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5. SS River Clyde Landing – 'Tell England'

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5. SS River Clyde Landing – 'Tell England'

In 1931, the movie Tell England was released. It was based on a 1922 novel of the same name, in which two British men join up and serve in the Gallipoli Campaign. The film included recreated scenes of the SS River Clyde landing at 'V' Beach, Gallipoli in April 1915, when George Drewry, Edward Unwin, William Williams, George Samson and Wilfrid Malleson each earned a Victoria Cross (VC).

At dawn on 25 April 1915, the SS River Clyde approached 'V' Beach on the Gallipoli peninsula. The plan was for the ship to run aground and for a smaller vessel to form a bridge so that the 2,000 men aboard could run across onto the shore. Commander Edward Unwin was the captain of the River Clyde and had come up with the scheme. Midshipman George Drewry was tasked with guiding in the smaller boat – a long, flat vessel called a hopper – to bridge the gap between the ship and the beach. Also on board the hopper, helping Drewry, was Seaman George Samson. From the outset, the plan went awry. The River Clyde ran aground, but the hopper swung to the left while attempting to connect with the beach. Working quickly, Unwin managed to get two rowing boats, or lighters, in position in front of the ship. With Able Seaman William Williams, he held them in place while the troops went ashore. But, as the British soldiers surged onto the beach, they were pinned down by heavy Turkish fire. Dead and wounded piled up and Unwin recalled they soon 'were literally standing in blood'. For an hour, Williams and Unwin stood in the water, holding the boats in place. Then, hit by a shell fragment, Williams fell and died. Unwin soon collapsed with exhaustion.

Drewry waded across to help his stricken captain. Despite receiving a head wound, he worked on the lighters, encouraged men ashore, brought in the wounded and kept the landings going. He was helped by Midshipman Wilfrid Malleson. When Drewry attempted to secure the boats around the River Clyde together, Malleson went to his aid. He leapt into the water and managed to get a rope out, but soon had to give up owing to exhaustion. After a brief rest, Unwin returned to the boats and kept trying to secure them together so men could get across. He also went out in a boat to fetch in wounded men from the beach. Samson also worked to bring in the wounded, despite suffering multiple injuries himself. He had earlier assisted in the attempts to establish a bridge from the boats.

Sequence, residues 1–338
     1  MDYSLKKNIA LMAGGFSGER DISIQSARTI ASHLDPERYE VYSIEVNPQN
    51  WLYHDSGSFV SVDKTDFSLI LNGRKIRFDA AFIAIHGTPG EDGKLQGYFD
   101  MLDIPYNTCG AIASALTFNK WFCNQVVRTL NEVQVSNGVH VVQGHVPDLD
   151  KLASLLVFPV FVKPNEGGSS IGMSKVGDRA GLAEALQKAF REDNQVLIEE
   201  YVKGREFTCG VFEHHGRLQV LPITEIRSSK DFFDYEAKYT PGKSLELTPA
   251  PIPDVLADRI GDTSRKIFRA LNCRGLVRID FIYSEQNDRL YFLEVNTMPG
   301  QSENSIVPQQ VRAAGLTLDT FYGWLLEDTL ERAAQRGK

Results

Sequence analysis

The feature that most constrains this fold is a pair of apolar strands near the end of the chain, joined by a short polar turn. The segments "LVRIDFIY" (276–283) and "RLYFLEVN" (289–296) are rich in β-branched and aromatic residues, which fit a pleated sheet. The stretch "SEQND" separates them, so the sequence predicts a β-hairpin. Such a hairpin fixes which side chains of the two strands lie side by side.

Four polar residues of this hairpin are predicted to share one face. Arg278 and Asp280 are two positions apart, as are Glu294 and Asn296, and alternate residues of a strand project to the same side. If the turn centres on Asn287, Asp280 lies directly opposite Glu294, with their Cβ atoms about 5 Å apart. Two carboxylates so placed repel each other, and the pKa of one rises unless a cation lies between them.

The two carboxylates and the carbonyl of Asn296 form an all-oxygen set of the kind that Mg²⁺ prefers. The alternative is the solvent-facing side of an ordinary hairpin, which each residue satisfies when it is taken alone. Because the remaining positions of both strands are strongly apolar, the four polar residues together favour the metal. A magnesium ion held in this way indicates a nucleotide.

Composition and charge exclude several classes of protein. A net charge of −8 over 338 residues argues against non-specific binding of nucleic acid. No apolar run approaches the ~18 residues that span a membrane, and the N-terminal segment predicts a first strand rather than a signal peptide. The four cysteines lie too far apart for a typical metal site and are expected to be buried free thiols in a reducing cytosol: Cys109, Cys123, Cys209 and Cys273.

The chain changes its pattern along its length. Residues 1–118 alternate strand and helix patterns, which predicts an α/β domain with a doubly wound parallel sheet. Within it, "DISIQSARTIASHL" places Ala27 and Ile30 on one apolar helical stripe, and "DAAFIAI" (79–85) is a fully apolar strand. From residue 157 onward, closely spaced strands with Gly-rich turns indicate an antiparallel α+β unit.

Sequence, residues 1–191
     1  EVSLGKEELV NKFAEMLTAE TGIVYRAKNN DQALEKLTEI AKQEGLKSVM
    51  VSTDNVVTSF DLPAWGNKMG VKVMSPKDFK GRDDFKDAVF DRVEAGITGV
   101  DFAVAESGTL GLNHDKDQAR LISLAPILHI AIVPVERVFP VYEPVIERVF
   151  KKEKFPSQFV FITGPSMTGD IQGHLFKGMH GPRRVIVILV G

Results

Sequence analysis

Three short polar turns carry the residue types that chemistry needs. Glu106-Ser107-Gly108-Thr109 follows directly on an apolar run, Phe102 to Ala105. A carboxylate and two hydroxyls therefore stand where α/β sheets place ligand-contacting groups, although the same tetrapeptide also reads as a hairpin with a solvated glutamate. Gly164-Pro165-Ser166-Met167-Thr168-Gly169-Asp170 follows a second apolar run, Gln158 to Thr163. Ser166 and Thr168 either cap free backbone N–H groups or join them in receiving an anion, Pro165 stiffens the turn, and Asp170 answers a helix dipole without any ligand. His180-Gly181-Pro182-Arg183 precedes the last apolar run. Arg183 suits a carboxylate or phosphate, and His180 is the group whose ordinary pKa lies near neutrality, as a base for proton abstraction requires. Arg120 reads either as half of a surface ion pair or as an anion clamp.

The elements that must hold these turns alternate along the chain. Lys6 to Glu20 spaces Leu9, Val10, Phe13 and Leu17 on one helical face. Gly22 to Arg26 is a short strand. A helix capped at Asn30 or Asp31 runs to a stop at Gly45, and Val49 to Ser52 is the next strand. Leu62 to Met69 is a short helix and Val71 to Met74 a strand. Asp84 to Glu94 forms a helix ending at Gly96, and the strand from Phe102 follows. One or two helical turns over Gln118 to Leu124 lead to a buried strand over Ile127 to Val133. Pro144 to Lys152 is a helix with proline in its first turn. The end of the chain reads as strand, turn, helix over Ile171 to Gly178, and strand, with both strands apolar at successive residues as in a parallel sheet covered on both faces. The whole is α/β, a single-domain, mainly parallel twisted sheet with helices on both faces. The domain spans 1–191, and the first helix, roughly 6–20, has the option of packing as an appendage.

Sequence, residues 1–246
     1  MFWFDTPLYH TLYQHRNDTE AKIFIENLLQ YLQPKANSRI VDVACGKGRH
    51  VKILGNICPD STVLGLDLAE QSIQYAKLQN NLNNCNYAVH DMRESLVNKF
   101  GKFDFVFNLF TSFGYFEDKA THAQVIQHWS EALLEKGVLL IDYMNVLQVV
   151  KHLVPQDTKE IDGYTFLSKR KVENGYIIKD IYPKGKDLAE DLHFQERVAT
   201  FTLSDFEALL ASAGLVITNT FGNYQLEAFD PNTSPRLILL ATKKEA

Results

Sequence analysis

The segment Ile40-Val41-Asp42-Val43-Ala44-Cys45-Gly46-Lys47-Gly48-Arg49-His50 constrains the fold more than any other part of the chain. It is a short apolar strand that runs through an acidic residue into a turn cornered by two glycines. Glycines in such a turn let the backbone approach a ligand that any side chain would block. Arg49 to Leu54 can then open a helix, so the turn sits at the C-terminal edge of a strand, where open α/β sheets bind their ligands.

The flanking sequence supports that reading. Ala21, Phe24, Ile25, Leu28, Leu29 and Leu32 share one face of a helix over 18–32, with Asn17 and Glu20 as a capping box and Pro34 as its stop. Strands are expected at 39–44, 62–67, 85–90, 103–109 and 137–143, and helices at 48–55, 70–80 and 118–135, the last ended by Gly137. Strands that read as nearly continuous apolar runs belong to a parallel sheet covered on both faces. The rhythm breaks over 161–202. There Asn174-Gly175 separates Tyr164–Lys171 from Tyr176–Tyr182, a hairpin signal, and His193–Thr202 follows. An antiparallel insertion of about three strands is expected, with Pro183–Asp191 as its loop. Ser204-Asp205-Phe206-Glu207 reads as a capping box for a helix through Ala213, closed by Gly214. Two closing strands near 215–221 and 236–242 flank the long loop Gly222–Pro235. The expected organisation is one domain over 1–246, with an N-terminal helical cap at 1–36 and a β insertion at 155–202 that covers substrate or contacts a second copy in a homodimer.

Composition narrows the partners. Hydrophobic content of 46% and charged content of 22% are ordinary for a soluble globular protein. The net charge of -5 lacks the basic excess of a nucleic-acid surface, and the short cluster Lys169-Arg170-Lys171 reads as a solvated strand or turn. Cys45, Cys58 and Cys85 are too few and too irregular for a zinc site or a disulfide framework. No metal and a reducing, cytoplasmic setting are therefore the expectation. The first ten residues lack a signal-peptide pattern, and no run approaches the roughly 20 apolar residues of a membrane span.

The disastrous SS River Clyde landing is recreated in the 1931 British drama film Tell England. Directed by Anthony Asquith and Geoffrey Barkas, it is based on the novel Tell England by Ernest Raymond. The movie merges the fictional story of two young men who join up to fight in the First World War with the real events at 'V' Beach of April 1915. Asquith corresponded with Unwin about the making of the film and the reconstructions of the landings are held to be largely accurate.

Watch extracts from OdetteThe Desert Fox and Tell England in the Lord Ashcroft Gallery: Extraordinary Heroes at IWM London.